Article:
On deciding who would own something, Nicole said that when faculty was requested to produce something, there will ordinarily be a contract to sign which will signify who will have ownership. 

Lastly some faculty wanted to know the impact of voting for or against the policy. If we vote for the policy, it will become part of the faculty handbook and binding.  If we amend the policy, it will be sent back to the dean’s council to be refused or accepted.

There was a motion to end debate, accept the policy as written and take a vote on the copyright policy.  This was seconded.  This motion passed with one opposing vote.

There was a motion to propose a resolution for the makeup of the Intellectual Property Policy Committee and to hold off on voting until this was accepted or denied.  Since the first motion, to vote on the proposal as written, had already been voted on, procedure was decided that the senate needed to vote on the policy.

The proposed policy was voted upon with 23 voting to accept as written, 3 opposed, and 2 abstentions. 

Discussion of Proposed Sick Leave Donation Policy: The intent of the policy is to help people with catastrophic illnesses.  

There was a question of why the policy recommendation was for faculty and other employees with more than 1 year of service.  If someone had worked here for less than a year and had a catastrophic illness why couldn’t they be covered? 

It was mentioned that Section 1 should include maternity leave (which wouldn’t be covered under catastrophic illness or injury). 

Only ‘new’ sick leave could be used to donate, not the other hours that faculty received when the sick leave policy went into effect.  Only those hours which might be used at retirement.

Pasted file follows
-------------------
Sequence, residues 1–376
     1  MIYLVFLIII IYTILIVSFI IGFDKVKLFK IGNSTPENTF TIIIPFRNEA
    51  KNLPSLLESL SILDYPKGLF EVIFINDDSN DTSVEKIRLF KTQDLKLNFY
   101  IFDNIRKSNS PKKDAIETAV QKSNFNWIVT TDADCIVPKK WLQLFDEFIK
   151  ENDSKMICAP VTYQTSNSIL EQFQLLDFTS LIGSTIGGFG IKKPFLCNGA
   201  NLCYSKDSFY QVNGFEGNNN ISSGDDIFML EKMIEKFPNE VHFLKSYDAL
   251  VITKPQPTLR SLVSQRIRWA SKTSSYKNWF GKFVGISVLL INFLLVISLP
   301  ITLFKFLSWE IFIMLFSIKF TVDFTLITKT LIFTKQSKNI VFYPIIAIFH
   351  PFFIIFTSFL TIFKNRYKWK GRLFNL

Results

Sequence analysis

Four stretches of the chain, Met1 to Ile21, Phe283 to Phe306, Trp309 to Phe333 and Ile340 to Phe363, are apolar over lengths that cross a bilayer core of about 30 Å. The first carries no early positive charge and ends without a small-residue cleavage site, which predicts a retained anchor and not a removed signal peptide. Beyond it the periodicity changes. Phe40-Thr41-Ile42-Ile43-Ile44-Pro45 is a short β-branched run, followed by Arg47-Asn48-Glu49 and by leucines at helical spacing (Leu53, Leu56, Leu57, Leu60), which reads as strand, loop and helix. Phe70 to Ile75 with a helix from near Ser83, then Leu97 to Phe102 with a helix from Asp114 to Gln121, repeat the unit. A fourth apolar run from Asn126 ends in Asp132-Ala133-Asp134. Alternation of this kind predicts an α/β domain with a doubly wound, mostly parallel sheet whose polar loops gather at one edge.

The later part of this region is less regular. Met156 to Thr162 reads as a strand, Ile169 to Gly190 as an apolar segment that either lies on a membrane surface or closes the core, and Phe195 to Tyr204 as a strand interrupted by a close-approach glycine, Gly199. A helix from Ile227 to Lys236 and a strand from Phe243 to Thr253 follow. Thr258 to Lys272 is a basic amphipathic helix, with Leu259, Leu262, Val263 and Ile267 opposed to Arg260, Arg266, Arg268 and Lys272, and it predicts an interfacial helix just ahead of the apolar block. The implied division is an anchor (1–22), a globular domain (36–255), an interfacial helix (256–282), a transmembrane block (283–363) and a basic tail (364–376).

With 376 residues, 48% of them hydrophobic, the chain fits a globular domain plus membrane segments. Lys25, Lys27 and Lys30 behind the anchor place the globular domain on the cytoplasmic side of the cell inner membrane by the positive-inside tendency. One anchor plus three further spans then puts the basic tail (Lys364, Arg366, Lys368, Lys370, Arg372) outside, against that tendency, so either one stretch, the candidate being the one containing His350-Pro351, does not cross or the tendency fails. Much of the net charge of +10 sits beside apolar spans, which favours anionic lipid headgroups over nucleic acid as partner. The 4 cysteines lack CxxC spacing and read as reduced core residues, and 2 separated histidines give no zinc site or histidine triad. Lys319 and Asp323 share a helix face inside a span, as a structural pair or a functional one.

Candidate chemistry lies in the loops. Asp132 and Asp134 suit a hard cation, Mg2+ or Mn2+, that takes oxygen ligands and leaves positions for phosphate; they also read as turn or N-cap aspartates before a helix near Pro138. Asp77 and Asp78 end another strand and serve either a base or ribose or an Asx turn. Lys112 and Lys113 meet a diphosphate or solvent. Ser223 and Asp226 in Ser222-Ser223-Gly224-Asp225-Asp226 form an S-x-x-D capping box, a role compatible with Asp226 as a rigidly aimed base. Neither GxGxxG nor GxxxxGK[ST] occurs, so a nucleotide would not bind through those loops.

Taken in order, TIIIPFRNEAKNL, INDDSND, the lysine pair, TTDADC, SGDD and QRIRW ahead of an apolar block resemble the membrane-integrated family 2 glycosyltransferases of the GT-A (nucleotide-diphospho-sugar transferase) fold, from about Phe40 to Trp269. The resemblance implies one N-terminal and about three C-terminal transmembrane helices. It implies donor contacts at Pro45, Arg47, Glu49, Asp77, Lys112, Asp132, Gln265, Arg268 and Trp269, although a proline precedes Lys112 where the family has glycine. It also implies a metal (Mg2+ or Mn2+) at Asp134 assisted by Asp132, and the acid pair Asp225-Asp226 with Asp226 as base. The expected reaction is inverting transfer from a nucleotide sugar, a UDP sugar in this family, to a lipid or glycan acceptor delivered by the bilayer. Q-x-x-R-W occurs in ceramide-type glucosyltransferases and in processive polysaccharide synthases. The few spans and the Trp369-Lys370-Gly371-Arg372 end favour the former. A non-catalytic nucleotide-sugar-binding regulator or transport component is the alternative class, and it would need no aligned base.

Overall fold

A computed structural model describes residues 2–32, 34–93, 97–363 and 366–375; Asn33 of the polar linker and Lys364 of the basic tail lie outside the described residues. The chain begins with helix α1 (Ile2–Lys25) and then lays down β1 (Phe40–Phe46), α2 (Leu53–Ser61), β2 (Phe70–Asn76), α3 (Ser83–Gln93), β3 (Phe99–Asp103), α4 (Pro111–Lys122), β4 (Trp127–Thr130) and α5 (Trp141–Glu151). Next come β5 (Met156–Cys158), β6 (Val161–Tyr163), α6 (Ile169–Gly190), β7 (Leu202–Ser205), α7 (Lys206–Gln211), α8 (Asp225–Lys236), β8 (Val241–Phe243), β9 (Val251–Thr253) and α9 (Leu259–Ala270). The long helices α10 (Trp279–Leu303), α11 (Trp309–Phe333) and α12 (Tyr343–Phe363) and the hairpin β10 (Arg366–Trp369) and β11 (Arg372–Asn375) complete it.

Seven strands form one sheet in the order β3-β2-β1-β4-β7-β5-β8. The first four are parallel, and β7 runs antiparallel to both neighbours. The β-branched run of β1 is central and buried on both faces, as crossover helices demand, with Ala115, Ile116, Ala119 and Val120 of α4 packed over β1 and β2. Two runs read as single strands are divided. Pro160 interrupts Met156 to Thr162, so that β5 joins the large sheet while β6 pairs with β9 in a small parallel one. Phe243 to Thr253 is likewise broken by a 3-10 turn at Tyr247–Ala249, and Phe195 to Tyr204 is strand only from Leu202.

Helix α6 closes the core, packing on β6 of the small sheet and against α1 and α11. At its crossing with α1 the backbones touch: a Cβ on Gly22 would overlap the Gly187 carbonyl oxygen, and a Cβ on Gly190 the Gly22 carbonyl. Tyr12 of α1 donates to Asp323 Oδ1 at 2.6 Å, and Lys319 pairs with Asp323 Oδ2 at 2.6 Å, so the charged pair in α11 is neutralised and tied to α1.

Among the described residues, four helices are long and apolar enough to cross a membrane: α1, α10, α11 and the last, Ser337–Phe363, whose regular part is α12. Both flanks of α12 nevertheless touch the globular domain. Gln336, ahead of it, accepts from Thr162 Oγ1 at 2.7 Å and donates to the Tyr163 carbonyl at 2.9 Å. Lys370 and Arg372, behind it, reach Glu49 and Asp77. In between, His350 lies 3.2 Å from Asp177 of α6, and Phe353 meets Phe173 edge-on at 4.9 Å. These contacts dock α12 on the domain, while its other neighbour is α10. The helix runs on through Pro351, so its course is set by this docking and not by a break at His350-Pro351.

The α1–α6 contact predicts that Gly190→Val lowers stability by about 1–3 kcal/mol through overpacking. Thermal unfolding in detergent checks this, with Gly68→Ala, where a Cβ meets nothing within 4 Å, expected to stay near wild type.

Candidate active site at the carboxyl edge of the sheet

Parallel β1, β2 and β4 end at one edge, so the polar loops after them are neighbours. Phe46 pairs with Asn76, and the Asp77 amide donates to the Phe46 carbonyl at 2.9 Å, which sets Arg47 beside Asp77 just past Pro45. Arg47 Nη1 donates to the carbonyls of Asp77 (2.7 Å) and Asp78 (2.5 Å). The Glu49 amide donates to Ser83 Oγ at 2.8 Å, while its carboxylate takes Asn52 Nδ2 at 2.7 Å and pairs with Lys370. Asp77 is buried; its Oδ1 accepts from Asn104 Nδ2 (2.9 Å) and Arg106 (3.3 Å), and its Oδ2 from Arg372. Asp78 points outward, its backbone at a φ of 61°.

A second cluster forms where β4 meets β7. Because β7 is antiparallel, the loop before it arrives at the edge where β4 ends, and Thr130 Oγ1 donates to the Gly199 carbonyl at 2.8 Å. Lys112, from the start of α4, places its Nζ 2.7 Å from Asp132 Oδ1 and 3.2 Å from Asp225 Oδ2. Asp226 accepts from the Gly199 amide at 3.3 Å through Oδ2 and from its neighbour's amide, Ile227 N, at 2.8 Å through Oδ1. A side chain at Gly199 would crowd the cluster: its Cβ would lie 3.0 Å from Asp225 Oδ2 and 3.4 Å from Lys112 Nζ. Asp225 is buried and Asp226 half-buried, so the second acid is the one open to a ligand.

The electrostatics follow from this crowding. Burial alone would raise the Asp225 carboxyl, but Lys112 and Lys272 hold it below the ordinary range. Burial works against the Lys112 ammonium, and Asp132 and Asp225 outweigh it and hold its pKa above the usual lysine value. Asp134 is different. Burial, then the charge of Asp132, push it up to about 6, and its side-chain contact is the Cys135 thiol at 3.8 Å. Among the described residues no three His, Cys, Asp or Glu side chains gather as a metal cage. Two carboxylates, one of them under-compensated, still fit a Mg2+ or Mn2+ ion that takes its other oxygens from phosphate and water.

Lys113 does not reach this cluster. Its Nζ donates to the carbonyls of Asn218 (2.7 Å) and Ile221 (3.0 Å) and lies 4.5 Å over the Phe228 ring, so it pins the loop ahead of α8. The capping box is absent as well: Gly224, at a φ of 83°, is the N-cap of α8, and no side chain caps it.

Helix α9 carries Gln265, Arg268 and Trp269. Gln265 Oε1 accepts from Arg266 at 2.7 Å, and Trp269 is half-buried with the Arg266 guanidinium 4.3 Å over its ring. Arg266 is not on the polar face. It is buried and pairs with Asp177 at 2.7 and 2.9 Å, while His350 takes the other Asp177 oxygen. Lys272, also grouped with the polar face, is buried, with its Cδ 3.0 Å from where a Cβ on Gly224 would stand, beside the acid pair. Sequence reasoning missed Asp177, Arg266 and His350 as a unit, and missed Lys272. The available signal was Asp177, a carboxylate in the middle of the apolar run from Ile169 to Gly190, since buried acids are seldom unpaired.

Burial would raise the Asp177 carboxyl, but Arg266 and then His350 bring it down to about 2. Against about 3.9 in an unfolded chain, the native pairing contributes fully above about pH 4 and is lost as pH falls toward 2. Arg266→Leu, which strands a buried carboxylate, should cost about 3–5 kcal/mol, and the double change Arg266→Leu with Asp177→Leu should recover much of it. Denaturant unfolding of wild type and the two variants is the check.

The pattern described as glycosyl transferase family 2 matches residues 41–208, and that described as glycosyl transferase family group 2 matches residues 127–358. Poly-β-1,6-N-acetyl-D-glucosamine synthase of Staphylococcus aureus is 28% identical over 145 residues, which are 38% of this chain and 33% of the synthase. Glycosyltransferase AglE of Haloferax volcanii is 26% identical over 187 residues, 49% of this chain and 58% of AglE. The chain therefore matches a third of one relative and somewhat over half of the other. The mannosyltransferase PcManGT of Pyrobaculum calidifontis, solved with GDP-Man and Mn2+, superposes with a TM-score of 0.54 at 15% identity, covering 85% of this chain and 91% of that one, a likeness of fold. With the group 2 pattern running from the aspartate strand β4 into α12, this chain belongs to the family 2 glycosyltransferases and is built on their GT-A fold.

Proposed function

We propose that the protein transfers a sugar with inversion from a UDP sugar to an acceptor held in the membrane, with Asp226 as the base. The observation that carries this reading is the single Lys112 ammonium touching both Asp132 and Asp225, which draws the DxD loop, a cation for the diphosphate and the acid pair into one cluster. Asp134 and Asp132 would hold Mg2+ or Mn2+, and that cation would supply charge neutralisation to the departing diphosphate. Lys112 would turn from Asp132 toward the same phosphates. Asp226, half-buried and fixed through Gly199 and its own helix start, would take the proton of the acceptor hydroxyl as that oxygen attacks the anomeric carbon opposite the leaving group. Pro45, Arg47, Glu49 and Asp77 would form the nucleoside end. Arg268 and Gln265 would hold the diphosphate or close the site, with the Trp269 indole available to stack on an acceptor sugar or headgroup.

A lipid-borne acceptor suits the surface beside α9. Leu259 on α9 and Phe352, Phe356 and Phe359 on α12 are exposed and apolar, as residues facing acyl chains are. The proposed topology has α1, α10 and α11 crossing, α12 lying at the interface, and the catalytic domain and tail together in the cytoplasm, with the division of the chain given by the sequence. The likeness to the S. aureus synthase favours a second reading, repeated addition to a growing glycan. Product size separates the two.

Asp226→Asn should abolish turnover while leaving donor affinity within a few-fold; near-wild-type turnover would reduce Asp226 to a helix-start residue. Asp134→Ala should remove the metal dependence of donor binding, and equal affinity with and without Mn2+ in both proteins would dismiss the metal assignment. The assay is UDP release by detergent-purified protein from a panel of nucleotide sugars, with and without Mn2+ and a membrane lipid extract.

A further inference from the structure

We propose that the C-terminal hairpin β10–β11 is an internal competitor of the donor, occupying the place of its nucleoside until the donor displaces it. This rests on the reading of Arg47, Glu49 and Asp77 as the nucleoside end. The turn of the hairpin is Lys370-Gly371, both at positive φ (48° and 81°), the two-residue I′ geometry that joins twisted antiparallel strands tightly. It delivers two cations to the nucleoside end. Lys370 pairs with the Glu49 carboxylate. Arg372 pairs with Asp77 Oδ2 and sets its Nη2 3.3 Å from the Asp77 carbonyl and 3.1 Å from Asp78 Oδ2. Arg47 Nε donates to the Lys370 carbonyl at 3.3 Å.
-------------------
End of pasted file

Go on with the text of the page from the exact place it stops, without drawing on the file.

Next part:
The policy will be discussed and reviewed further in February’s meeting.

5. New Business:

David Ellis is going to Slovakia on a Fulbright fellowship.  Isabel Brown will be the new Committee on Academic Policy & the Faculty Handbook chair in David’s absence.  The vote was unanimous to accept her nomination.  Arts and Sciences will need a new caucus leader.

Joe Mozur made a proposal for a resolution that states: “Whereas on 16 January, 2002, the Faculty Senate voted to endorse the current draft of the USA Copyright Policy, and whereas Section 8 paragraph 2 provides for the creation of a University Intellectual Property Policy Committee, the Faculty Senate resolves that faculty shall constitute a majority of said committee and that the faculty serving on said committee shall be selected by the President of the University from a list submitted to him by the Faculty Senate.“  The vote was unanimous to accept the resolution.   

6. Report from the Chair:

Faculty Senate Chair Rogers made a statement  that the Faculty Senate Executive Committee met with President Moulton.  President Moulton said that raises were a high priority and that we should find out more in April as to the possibility of raises.  Enrollment was excellent, the highest spring enrollment in the history of the University.

There was some discussion of football.  The club football coach resigned and the Athletics Council looked at football again and adopted the same policy decision as last year that the question of considering moving to Division IAA non-scholarship football will be looked at later.

The Foundation will be giving some money to the library and deeding some Knollwood land to the University.  

During the meeting with President Moulton and Dr. Covey, the faculty survey was discussed.  There was a question as to whether the funding crisis lowered administrators’ ratings. 

 7. Reports from Standing Committees:

No further reports.

8. Reports from Caucus Leaders:

Ground was broken on the University Library expansion. There were no other reports.

9. Adjournment:

The meeting was adjourned at approximately 4:30 p.m.

Respectfully submitted by:

S. Murray, Secretary